Russia’s former president Dmitry Medvedev says Moscow could formerly annex two breakaway regions of neighbouring Georgia.
Abkhazia and South Ossetia have effectively been under the control of Moscow since a short conflict between Russia and Georgia over the regions in 2008.
Moscow recognises both as independent states, while most United Nations members view them as Russian-occupied Georgian territory.
Mr Medvedev, who was president in 2008 when Moscow formerly recognised the two regions as independent, has now suggested they could formerly join Russia.
In an article published by Russian newspaper Argumenty i Fakty on Wednesday – the 15th anniversary of Mr Medvedev’s decree – he wrote: “The idea of joining Russia is still popular in Abkhazia and South Ossetia.
“It could quite possibly be implemented if there are good reasons for that.”
He suggested such a move could be pushed forward if Georgia takes steps towards joining NATO.
“We will not wait if our concerns become closer to reality,” Mr Medvedev wrote.
Both Abkhazia and South Ossetia held autonomous status within Georgia during its period under the control of the Soviets.
When Georgia declared independence from the Soviet Union in 1991, both regions declared their own intention to break away.
This led to armed conflicts between the separatists and the newly-formed Georgian government, who attempted to take control of the regions by force.
Moscow decided to support the breakaway regions, aggravating relations between Georgia and the post-Soviet Russian government.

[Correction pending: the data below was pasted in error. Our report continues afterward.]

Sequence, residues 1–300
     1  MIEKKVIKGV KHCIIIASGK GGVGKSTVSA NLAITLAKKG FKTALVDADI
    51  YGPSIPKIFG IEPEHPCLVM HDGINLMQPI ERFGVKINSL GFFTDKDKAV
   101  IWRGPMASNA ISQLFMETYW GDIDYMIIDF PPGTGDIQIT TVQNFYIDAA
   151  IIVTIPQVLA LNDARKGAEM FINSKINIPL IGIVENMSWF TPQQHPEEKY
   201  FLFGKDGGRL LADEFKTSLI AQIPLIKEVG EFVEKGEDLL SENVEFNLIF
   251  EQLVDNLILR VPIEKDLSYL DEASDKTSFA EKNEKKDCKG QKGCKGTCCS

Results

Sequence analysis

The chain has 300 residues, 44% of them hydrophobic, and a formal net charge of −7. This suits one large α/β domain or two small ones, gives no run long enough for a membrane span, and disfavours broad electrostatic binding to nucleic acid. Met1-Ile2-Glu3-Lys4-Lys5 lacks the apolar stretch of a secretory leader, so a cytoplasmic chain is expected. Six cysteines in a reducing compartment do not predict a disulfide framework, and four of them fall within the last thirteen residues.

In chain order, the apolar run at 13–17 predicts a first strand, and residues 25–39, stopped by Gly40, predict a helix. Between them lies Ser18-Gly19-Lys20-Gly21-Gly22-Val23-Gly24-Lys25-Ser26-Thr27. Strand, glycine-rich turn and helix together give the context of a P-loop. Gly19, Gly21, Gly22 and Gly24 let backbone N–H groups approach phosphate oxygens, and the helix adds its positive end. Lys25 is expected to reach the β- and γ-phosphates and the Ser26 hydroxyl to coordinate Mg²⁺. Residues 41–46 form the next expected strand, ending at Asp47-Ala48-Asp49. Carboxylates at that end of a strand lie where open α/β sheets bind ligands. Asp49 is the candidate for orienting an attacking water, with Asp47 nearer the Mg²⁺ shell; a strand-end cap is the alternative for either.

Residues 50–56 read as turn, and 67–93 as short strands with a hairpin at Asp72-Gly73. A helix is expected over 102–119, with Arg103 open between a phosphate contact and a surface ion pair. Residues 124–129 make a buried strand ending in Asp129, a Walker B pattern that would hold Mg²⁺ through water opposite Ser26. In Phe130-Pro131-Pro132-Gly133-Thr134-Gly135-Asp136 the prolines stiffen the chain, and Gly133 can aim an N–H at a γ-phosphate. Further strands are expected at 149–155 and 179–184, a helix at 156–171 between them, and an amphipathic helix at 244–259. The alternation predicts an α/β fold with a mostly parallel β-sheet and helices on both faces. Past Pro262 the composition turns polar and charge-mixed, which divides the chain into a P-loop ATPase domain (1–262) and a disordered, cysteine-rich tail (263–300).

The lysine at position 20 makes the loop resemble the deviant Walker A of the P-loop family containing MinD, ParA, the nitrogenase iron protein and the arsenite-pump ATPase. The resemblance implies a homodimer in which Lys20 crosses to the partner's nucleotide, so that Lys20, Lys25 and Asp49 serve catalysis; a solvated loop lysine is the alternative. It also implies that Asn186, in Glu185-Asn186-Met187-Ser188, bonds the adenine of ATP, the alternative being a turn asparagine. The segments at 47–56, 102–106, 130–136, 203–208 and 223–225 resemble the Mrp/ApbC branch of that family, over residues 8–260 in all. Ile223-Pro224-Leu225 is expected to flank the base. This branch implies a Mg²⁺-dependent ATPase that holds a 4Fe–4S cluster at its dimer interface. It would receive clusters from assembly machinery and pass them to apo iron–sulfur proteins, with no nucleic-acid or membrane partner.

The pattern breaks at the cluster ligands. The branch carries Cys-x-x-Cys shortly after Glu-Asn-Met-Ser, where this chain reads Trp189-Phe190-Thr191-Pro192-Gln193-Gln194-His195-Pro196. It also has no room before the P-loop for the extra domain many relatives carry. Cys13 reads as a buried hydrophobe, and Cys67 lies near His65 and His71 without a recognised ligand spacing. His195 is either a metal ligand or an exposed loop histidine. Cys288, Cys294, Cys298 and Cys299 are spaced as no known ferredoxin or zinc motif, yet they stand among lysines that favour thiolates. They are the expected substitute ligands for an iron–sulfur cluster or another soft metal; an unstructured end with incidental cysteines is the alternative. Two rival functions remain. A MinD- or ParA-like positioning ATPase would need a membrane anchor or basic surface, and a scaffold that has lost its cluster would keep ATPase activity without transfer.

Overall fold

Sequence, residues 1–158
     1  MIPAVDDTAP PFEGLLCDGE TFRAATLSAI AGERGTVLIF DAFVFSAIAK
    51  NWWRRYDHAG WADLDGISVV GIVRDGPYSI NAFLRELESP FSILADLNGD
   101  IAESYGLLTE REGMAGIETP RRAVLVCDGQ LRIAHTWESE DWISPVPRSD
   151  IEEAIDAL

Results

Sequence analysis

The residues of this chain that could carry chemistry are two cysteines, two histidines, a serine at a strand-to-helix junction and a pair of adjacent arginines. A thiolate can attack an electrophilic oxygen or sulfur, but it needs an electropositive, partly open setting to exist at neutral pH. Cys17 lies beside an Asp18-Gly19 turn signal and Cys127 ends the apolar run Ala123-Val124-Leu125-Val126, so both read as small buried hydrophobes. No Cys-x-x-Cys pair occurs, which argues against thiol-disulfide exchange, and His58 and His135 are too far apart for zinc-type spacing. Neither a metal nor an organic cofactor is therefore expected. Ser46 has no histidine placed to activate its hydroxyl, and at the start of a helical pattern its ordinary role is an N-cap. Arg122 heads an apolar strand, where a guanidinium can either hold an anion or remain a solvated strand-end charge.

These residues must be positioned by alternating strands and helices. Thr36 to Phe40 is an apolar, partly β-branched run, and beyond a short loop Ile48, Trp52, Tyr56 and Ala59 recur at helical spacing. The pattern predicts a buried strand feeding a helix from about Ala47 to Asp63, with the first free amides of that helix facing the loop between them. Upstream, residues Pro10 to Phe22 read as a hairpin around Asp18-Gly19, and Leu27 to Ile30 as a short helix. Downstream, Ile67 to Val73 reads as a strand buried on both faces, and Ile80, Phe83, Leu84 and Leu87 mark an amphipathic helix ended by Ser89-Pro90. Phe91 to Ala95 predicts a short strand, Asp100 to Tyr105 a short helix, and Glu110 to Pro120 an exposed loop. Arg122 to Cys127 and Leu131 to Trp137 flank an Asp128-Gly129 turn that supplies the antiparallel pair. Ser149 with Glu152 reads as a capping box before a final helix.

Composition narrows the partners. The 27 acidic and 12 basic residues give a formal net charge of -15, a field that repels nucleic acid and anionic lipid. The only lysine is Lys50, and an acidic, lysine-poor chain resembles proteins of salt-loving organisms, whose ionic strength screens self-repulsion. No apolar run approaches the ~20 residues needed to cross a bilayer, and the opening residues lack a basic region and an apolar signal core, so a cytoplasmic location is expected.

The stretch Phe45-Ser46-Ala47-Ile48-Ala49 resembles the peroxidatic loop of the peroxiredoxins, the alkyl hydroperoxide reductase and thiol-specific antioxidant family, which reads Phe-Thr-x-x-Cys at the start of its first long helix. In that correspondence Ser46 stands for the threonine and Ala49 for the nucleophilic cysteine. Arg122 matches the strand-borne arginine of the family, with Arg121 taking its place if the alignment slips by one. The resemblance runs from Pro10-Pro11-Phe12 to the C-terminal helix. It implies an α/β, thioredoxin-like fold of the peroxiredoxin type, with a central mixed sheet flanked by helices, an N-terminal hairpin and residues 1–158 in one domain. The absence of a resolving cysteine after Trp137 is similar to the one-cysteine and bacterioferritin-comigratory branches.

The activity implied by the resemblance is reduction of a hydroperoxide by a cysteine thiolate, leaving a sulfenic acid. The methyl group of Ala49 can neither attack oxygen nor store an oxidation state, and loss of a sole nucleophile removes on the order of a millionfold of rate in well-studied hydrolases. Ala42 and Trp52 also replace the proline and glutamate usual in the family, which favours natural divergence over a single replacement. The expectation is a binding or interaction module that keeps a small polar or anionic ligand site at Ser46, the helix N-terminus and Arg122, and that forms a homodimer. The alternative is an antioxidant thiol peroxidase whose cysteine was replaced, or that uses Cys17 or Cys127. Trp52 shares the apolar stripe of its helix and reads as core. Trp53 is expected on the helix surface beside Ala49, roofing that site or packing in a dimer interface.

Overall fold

The tensions came to a head in 2008, when the Georgian armed forces launched an offensive to take control of Abkhazia, sparking a short war between Russia and Georgia.
Russian troops entered both Abkhazia and South Ossetia and pushed back the Georgian forces, before Mr Medvedev signed a decree formally recognising the two regions as independent states.
Georgia responded by declaring the move an annexation of its territory.
The vast majority of United Nations members also refused to recognise the independence of the two breakaway regions.
Since then, Georgia has maintained mixed diplomatic relations with its far-bigger neighbour.
Tbilisi criticised Russia’s 2014 annexation of Crimea and its 2022 invasion of Ukraine, from which Moscow annexed four more regions in September last year.
However, Georgia, which relies on Russia for tourism and the exportation of its wine, has not joined the West in imposing sanctions on Russia.
Moscow, meanwhile, has strongly opposed suggestions that Georgia could one day join NATO.
Georgian officials have repeatedly expressed a desire to join the military alliance, on the basis that it would help to secure the country’s territorial integrity.